A chase, a ride, a chase and hide, and Milton the mouse lands in new territory: the Stewart household. The wily escape artist has the run of the house until one fateful night when he is caught. What do you do with a mouse that hitches a ride home from a camping trip? Feed it? Turn it loose in a strange landscape? Will Milton be happy in captivity?
The children give him a cage, a nest, a wheel, and water. Matt plays Beethoven on the piano for him, and Kathleen composes a song about him. “O fie my wandering mouse, how thou dost stray” is all that Dad will say. Milton is content until one day the wild life beckons again, and he escapes. How will the children find him? Will they discover Milton’s secret?
. . . Milton the mouse’s connection with music is heartwarming and satisfying, and the low-stakes storyline makes for a peaceful, pleasant reading experience. The details of Milton’s natural behavior feel realistic and well-researched, as does the ambiance of the Nevada desert setting . . .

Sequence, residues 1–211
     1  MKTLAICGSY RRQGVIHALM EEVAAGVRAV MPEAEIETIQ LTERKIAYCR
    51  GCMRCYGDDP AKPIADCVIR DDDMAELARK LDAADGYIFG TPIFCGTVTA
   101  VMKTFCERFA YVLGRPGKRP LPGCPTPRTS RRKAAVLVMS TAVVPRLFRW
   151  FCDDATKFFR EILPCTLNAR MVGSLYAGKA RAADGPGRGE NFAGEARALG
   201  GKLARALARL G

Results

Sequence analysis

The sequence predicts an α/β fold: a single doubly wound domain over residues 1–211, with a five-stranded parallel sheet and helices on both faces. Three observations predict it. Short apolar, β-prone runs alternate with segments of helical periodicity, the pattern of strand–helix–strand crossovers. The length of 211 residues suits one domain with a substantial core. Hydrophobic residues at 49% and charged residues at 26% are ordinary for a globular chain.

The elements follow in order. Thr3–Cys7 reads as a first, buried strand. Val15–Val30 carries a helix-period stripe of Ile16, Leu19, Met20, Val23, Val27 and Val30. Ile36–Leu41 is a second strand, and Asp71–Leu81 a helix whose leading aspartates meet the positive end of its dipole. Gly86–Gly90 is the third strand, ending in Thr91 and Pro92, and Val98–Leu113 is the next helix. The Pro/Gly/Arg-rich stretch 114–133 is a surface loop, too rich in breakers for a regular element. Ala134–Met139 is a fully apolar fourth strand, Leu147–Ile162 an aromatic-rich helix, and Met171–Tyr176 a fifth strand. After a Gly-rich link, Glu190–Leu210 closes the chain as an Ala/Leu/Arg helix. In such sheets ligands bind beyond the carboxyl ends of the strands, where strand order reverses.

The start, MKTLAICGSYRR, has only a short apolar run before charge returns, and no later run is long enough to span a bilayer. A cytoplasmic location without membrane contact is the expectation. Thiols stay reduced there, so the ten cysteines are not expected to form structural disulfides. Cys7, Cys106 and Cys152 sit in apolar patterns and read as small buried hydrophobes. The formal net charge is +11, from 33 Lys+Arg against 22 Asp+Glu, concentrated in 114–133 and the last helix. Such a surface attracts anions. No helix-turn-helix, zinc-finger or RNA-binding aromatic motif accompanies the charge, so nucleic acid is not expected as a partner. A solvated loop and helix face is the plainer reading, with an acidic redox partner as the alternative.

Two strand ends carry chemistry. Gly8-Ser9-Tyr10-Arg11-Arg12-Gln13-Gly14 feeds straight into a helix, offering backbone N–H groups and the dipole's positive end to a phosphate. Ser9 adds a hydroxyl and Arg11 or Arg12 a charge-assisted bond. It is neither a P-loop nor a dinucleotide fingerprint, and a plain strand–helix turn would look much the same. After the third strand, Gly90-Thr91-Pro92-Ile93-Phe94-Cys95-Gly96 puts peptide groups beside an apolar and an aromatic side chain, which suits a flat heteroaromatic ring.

Comments from Readers
➥ Milton will capture readers’ imaginations. He is a mouse with spunk and adaptability. I love how Milton recites pieces of poetry as a way to express his feelings. The additional facts at the end can entice those nonfiction fans of all ages. Janice Kirk, thank you for taking us on this adventure.
Karen A. Sorvaag, Saint Mary’s University, MN
➥ Jan Kirk ‘s children’s book Milton the Mouse is full of adventure and fun! I can just picture Milton as he scurries in and out of trouble. The snippets of John Milton’s poetry and Beethoven’s piano works give the story an additional element that will hopefully make children curious about these two great men and their works. I can’t wait to read it to my grandchildren!
Cindy Johnson, retired public school orchestra teacher, Winona Public Schools, MN
➥ Janice Kirk ‘s first children’s book, Milton the Mouse, is a delightful bedtime read. It offers a glimpse into the adventures of a white-footed deer mouse that learns to love Beethoven sonatas and John Milton couplets after hitching a ride to the city, far from his Great Basin Desert burrow. This captivating tale is perfect for children ages 6 to 12. Even adults will enjoy the Fun Facts appendix.
George L. Winship, editor, writer, researcher, and musical performance critic; The Village Wordsmith
Ken McCullough, Poet Laureate, Winona, MN reviews Milton the Mouse:
Milton the Mouse, Janice Kirk. Resource Publications.